I used to believe that if you equip employees with desks and computers, the office was set. I wanted to focus on driving business metrics. However, after co-founding several startups experience has taught me that the workspace you share with your team does matter. It contributes to the vibe (i.e., company culture) of the office. It can, when done correctly, facilitate a more creative and productive environment.
Before we committed to renewing our commercial office space lease in a small 685 square feet space, we committed to investing in interior design. According to the CoreNet Global Corporate Real Estate 2020 survey of 500 corporate real estate executives, square foot per employee has decreased from 225 in 2010 to 176 in 2012. It is projected to reach 151 square feet in 2017.
Like many startups we were already working in tight quarters, with staffing plans to add new hires. Meanwhile, 25 percent of our space was used as storage. We share the same open space, which is useful given we collaboratively build social network apps. And we needed to grow, but also wanted to keep real estate costs down while maintaining a comfortable work space.
Despite concerns, we renewed our lease at a great rate. The trade off? Admittedly, we weren’t sure how we could add more people comfortably and productively. So, we brought in an expert to design around office space constraints. The following steps were used for our office space redesign and these tips can reveal how you can maximize your current space:
Set a Budget and Timeline
If your space is less than 5,000 square feet, you can spend anywhere from $5,000-$20,000 dollars. Noa Santos, the founder and CEO of Homepolish, an NYC-based interior design firm, suggests, “For spaces that are 5,000 – 10,000 square feet, you need a budget of $10,000-$200,000 dollars. The numbers change drastically depending on what needs to happen to the space. An office that just needs some editing will be cheaper than a space that requires a [complete overhaul].” Once we set our budget, we targeted a two-month time frame for the scope of work we wanted done: painting, wallpaper and some new furniture.
Make a list of exactly how you plan to use the office space. Will you use the office for brainstorming, weekly team meetings, client meetings, lunch, storage, etc.? Map out where these activities currently take place. Next, list the furniture you use, don’t use, like and dislike. Clearing away extra office furniture and fixtures can create more space. Are you holding onto used printer cartridges? Do you really need an extra computer monitor? There are many organizations that will take your donations or recycle electronics. Some will even pick them up for free.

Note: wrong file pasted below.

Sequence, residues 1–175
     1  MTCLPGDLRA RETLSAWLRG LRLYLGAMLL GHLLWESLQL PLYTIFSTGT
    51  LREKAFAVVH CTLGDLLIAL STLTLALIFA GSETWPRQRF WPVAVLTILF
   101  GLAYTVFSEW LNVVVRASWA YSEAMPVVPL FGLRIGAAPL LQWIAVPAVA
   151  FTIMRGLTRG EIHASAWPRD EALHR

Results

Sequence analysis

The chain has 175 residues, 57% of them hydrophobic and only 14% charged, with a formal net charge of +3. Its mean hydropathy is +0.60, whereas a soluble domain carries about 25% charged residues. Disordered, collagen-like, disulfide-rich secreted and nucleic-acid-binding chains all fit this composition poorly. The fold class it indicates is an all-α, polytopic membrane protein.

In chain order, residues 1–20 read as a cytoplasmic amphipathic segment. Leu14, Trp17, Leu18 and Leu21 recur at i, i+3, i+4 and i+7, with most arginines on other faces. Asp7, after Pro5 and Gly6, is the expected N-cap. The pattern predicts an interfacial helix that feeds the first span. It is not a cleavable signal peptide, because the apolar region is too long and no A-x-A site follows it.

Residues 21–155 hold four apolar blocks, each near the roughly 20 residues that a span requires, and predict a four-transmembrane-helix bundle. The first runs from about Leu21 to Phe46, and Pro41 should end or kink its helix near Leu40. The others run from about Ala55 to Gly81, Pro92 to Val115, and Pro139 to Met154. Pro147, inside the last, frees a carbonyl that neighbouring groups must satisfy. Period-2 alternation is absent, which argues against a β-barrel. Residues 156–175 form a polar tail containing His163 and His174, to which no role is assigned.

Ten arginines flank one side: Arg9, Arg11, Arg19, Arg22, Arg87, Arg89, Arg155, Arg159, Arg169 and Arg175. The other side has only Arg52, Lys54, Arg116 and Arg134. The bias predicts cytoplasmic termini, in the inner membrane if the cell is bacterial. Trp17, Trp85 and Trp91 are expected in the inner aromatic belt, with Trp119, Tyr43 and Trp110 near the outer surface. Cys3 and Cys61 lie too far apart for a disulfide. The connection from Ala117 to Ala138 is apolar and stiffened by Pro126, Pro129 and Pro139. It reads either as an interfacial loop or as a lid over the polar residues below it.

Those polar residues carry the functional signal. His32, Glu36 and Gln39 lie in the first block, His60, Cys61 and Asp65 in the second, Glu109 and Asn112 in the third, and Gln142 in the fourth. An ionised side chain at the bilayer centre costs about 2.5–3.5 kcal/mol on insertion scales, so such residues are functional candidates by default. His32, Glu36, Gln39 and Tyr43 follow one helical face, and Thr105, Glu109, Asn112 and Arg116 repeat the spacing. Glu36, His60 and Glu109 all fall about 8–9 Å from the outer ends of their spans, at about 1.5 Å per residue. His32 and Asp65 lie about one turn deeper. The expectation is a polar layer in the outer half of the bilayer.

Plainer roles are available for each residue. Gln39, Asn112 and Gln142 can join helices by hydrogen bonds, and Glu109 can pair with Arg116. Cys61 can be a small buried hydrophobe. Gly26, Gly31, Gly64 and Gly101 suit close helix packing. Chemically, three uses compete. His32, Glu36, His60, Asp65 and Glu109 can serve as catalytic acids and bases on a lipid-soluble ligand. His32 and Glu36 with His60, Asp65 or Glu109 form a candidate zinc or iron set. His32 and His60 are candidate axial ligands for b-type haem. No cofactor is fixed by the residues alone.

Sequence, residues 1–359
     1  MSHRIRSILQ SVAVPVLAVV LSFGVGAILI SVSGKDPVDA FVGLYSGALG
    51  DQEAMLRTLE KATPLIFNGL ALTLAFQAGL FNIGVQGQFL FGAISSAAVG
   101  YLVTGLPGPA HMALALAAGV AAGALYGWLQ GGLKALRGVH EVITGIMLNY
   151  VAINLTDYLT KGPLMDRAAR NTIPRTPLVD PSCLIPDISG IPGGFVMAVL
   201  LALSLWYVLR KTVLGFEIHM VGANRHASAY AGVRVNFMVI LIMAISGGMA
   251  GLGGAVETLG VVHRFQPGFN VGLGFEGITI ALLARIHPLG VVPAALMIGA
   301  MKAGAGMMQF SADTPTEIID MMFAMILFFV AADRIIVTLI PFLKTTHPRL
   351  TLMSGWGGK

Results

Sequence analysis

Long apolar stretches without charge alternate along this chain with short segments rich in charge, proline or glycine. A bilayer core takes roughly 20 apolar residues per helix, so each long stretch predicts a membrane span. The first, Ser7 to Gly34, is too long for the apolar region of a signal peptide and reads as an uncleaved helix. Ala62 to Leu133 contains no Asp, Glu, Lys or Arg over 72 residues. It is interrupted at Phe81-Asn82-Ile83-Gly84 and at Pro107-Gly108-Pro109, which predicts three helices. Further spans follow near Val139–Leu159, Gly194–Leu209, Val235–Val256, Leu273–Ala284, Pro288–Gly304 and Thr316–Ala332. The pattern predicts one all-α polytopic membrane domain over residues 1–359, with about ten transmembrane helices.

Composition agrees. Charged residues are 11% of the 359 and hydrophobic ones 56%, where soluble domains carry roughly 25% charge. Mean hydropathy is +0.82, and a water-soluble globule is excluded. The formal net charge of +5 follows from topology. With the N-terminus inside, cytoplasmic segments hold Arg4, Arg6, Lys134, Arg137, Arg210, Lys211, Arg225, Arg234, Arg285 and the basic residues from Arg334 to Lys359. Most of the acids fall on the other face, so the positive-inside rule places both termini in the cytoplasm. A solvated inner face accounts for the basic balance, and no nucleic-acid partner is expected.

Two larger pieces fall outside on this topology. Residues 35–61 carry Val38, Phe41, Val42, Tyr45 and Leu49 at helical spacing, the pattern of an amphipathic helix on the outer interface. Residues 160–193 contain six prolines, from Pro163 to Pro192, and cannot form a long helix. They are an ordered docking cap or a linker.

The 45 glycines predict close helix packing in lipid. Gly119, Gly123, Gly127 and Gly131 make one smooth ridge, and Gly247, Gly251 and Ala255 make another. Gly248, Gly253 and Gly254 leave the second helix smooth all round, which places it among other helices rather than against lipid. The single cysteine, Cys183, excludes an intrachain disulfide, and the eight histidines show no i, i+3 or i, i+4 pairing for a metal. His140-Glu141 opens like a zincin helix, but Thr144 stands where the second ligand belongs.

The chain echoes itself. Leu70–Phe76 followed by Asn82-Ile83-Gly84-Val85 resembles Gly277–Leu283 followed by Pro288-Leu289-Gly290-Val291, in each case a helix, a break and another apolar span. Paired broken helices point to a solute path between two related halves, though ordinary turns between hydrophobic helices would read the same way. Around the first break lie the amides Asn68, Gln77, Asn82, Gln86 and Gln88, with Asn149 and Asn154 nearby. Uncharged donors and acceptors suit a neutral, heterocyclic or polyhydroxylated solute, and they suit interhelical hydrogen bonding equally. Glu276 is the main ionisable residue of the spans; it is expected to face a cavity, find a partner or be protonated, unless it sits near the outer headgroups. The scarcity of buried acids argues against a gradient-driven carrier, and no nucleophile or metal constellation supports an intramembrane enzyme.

Create an Inspiration Board
Pinterest is a great place to start. Type in keywords to get ideas. Start with terms like, “small conference room,” “startup office,” or “creative workspace.” Then re-pin inspiration office design images for your office space. If you decide to hire an interior designer, an inspiration board is a great basis for communicating preferences. It’s no wonder Pinterest has become interior decorators’ go-to tool.
Assess Your Office Space
Break out the measuring tape and jot down the dimensions of each room, including ceiling height. Sketch out the room and spec it out with measurements. Next, realistically assess space constraints. For example, our landlord would not let us paint the exposed concrete ceiling. Finally, understand your space’s best assets. We have big windows we can open, which provide natural northern light. This helps accentuate the positive and cut down on needs for lighting fixtures.
Prioritize Your Investment
What do you see every day when you walk in? For an immediate visual impact, consider painting your walls, even if you’re renting. You can always paint over them when you move out. Investing in a professional designer’s time is worth the fresh expert perspective on the space’s potential. They can also help prioritize your budget. Santos says, “If you’re a small business that’s growing rapidly, we recommend investing in quality furniture and items that you can take with you once you outgrow your space.” The hottest buys among his designers, for small businesses, tend to be creative storage alternatives and co-working break-out space furniture that allows them to throw an event or meet in small groups.